Understanding Chinese practices

/ 05:03 AM February 13, 2020

I don’t understand names in China,” says Millie (not her real name), who went to Beijing on a business trip last November.“My contact is Shasha Wong, so when I met her husband, I called him ‘Mr. Wong.’ It turns out that he is Mr. Tsai.

“Shasha is married, but she retained her maiden name. I tried to call her Shasha Wong-Tsai, but she said she remains Shasha Wong. Interesting!”


“When you were in school in downtown Manila, you had a Chinese name, didn’t you?” I ask. “When you got married, did you change it?”

“I see what you mean,” Millie says. “My Chinese name remains the same even now that I am married. My surname on the Philippine passport is now my husband’s, but my Chinese surname is still my maiden name. Interesting!”


“In the Chinese mainland, almost every Chinese woman marrying a Chinese husband keeps her maiden name after marriage,” say Yi and Bryan Ellis in their book “101 Stories for Foreigners to Understand Chinese People.” Men and women are supposedly equals, so retaining one’s maiden name after marriage is “also a sign of women’s independence from men,” which is a social norm.

At dinner, Shasha inspected the duck meticulously before she agreed for it to be cut. She also ensured that the fish for dinner was indeed fresh.

“Shasha ordered the whole duck, and she wants to see that everything, head and feet and all, are intact before [the duck] is sliced,” Millie says.

When fresh fish is on the menu, the hapless creature is brought out in a basin, gasping for air, for diners to ascertain its freshness before it is cooked in the kitchen.

The duck and the fish were delicious, Millie declared, but she found it puzzling that she had to request for water to be served during dinner.

“The restaurant was posh, so why do they only serve tea?” Millie says. “Shasha had to ask the waitstaff for water for me, several times.”

“Tea is good for cleansing the mouth between bites,” Yi and Bryan say, “but [the Chinese believe that] drinking water will dilute the stomach’s digestive acids, making it more difficult to digest the meal and leading to indigestion.”


While many Filipinos prefer to drink cold water during meals, Chinese generally prefer warm water.

“[The Chinese] feel that the cold temperature is a shock for one’s stomach and internal organs,” Yi and Bryan say, “and that warm fluids are healthier for the body.”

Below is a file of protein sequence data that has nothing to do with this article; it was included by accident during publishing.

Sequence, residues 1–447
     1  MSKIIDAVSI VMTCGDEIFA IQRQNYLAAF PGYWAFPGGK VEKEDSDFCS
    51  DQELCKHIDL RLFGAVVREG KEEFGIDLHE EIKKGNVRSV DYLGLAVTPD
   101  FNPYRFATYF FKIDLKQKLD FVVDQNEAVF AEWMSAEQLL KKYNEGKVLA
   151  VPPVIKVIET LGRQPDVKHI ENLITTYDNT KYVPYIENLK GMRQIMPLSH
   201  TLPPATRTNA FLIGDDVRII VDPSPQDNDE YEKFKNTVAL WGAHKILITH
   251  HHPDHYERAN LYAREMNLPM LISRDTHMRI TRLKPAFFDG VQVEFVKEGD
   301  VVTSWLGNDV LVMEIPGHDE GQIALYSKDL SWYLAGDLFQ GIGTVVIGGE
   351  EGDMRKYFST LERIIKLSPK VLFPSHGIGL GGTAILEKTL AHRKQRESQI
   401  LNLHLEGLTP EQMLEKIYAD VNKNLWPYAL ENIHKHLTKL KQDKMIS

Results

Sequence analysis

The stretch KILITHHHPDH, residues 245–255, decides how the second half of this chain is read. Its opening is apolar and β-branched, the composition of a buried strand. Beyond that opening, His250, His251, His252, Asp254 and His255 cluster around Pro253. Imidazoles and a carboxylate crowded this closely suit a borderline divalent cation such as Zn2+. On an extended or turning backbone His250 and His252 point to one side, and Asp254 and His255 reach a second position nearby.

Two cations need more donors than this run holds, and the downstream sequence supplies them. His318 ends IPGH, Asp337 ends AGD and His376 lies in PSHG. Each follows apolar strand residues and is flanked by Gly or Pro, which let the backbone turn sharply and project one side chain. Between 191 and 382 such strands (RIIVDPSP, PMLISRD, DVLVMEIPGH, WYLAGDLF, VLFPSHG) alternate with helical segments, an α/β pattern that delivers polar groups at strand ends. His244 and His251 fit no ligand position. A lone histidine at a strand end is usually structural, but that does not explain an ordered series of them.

While dining, Millie saw customers in other tables fight over who would pay the check.

“KKB (kanya-kanyang bayad) seems to be more fair,” Millie says. “But Shasha says that tightwads are called tie gongji (iron rooster), referring to birds that won’t even pluck out a single feather as payment.”

Splitting the bill also means that “you don’t owe me anything and I don’t owe you anything,” Yi and Bryan say. Such perceived estrangement among friends is frowned upon by the Chinese.

Dinner was of course paid by Shasha.

Millie saw a coin taped beneath the restaurant manager’s calculator. “The coin represents wealth, so the manager did this to attract customers. Good idea!”

After dinner, Shasha gave Millie a gift wrapped in red paper.

“I got Philippine mangoes for Shasha,” Millie says. “But the mangoes were not wrapped. Shasha was delighted, though.”

“Did you open your gift in front of Shasha?” I ask.

“I wanted to, but we were getting up to leave,” Millie says. “So I opened it at the hotel. It was a very classy planner.”

In the Philippines, we often open gifts in front of each other, wanting to see the recipient’s reactions.

But for the Chinese, “if someone is too eager to get gifts, they are perceived as greedy,” Yi and Bryan say. “Whereas someone who modestly puts the unopened gift aside for later is deemed more cultured.”

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